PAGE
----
Bloomberg Businessweek

THE GREAT MODEL TRAIN ROBBERY

How did thieves steal a valuable collection of scaled-down locomotives from a train club? Why did the case go cold? And who is “Jamie”?
DENNIS OLDERSHAW ROUNDS A CURVE AT THE GRAVESEND MODEL MARINE & ENGINEERING SOCIETY

In the heart of Gravesend, in Kent, England, a hedged lane runs alongside a retired Royal Air Force field, now occupied by the Cascades Leisure Centre, a recreation facility with a gym and a pool. Under a cloudy moon this past Valentine’s Day, a van rolled into a mini-roundabout near the Leisure Centre, stopping opposite a row of brick homes.

The van doors opened, and several shadows crept out, moving toward a high-tensile wire fence. Loosening one post and pressing the long strands down, they slipped over the fence into an expansive plowed field behind the recreation center. They walked past tree branches and dead shrubs, their boots sinking into the damp soil.

After a few hundred meters, they turned right, where two parallel chain-link fences separated the farm from the center’s grounds. They clipped both, climbed over a waist-high wood railing, and landed at their destination: a high-security shipping container. They carved a small rectangle into the back of the container and peeked through, looking for the bounty hidden inside. They used angle grinders to slice the container’s hinges, until its door swung backward, hanging only by the anvil-size lock that had been designed to resist this very kind of robbery. Then they got into a second shipping container the same way.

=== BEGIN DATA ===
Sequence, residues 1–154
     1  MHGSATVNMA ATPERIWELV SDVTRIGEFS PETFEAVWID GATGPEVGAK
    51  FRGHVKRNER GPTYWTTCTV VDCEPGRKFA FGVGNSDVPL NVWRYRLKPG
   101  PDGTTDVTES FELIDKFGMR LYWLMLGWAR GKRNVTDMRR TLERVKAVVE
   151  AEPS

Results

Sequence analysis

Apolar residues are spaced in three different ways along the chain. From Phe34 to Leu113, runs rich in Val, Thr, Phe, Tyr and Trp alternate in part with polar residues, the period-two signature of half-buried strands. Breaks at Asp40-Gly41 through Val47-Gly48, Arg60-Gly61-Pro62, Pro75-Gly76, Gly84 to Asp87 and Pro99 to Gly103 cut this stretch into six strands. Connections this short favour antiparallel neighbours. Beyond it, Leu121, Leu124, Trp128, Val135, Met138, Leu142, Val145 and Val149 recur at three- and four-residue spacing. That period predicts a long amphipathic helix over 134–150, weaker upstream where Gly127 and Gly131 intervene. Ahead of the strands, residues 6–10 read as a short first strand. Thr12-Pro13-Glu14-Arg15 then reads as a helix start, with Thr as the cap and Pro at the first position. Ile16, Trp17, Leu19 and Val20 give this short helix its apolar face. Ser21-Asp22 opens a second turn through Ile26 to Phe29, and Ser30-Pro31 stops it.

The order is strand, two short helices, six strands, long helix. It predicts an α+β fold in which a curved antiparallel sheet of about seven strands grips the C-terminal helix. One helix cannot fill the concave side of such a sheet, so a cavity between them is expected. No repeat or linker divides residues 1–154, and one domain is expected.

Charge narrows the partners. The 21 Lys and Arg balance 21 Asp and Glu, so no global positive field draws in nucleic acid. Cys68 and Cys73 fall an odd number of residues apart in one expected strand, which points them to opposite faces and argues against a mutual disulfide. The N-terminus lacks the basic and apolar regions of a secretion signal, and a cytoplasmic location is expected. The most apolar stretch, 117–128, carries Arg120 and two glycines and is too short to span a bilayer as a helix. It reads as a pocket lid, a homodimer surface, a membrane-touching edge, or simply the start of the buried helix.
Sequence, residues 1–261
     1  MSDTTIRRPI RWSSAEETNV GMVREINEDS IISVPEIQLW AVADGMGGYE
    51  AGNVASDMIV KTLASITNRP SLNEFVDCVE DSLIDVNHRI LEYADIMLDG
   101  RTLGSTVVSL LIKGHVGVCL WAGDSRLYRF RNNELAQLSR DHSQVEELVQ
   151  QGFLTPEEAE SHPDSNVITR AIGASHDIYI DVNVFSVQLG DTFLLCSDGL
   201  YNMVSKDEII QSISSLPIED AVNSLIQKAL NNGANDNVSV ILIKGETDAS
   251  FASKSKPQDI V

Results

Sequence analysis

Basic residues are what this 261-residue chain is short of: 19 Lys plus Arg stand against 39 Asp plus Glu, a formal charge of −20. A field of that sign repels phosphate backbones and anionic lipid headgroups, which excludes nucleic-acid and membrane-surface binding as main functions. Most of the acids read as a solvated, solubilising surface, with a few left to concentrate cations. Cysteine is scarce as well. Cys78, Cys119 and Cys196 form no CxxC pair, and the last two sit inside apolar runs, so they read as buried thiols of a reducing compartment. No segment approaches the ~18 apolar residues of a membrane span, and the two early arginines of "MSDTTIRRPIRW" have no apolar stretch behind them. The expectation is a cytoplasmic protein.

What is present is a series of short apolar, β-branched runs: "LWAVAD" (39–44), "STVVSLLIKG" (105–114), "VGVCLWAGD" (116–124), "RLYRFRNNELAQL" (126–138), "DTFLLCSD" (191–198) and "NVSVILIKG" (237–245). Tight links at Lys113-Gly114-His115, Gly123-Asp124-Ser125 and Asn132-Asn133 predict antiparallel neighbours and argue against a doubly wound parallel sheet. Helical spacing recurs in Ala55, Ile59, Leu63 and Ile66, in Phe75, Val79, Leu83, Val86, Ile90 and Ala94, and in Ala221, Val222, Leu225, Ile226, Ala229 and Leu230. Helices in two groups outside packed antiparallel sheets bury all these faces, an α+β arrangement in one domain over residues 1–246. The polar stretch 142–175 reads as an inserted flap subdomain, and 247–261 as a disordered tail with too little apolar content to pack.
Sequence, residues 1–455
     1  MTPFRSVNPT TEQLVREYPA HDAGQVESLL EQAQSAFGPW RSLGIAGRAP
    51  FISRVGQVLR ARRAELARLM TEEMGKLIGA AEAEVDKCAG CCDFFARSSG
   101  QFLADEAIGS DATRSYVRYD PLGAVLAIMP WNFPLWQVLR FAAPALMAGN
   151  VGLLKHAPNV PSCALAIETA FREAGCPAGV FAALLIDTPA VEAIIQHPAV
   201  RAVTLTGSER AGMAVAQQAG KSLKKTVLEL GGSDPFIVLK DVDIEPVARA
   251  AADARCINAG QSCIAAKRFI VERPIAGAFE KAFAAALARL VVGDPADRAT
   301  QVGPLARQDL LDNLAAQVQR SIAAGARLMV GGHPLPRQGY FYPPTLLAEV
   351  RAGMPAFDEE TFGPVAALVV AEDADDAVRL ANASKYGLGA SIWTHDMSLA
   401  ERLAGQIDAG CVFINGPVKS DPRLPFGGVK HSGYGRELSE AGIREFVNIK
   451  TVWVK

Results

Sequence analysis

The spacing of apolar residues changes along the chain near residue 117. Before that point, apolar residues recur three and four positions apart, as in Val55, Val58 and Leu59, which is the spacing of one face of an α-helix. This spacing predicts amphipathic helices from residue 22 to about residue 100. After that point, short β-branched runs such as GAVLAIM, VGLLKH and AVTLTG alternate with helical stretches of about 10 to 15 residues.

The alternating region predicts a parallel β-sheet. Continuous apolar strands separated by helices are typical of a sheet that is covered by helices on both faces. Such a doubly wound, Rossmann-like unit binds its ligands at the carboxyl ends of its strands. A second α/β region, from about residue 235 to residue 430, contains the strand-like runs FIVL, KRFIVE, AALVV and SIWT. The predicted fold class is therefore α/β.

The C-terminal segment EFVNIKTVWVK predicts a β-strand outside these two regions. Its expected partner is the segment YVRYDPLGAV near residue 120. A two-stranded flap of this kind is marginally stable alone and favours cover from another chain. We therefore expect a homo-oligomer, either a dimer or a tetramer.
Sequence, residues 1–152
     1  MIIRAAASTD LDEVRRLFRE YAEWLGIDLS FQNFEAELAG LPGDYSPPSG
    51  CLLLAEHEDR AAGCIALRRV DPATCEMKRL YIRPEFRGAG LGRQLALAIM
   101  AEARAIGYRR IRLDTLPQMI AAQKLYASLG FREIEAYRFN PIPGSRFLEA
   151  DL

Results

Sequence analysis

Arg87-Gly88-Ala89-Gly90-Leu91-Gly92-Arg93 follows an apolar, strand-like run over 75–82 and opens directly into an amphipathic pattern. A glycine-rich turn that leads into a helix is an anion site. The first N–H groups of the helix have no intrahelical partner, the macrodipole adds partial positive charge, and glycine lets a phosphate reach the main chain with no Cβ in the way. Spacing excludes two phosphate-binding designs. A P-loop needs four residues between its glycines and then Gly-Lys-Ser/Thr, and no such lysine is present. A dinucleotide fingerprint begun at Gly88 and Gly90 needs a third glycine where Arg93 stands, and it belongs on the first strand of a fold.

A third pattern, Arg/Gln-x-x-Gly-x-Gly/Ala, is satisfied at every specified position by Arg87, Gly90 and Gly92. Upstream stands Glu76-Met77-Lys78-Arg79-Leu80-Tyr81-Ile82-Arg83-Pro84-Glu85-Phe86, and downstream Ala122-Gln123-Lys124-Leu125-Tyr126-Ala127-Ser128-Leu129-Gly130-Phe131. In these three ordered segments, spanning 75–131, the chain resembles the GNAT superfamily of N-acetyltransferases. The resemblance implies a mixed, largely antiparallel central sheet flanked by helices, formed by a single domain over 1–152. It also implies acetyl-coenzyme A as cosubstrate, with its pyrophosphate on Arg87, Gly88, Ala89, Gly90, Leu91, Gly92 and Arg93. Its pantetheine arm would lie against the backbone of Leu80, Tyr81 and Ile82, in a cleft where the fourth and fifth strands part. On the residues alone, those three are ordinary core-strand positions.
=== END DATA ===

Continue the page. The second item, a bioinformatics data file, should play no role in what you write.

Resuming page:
Inside one of the containers, they cut the padlock off a cupboard door, and there she was: an exquisite steam-powered model locomotive named Mayflower, her green boiler and brass engine bands glistening under the bandits’ flashlights. They chopped into another cupboard housing a second locomotive. Discovering a key for a third shipping container, they popped its doors open and spotted two more choo-choos for the taking. These model trains often require decades to build and are considered priceless by their owners. At market, they can fetch tens of thousands of pounds. And though they’re small, one-twelfth the scale of a normal train, they’re not that small. The locomotives—which burn model-train-size bricks of coal, carried in model-train-scale tenders and fed with tiny shovels—weigh hundreds of pounds each. They’re powerful enough to pull eight children, who ride, straddling passenger cars, around a special narrow-gauge track at 8 mph.

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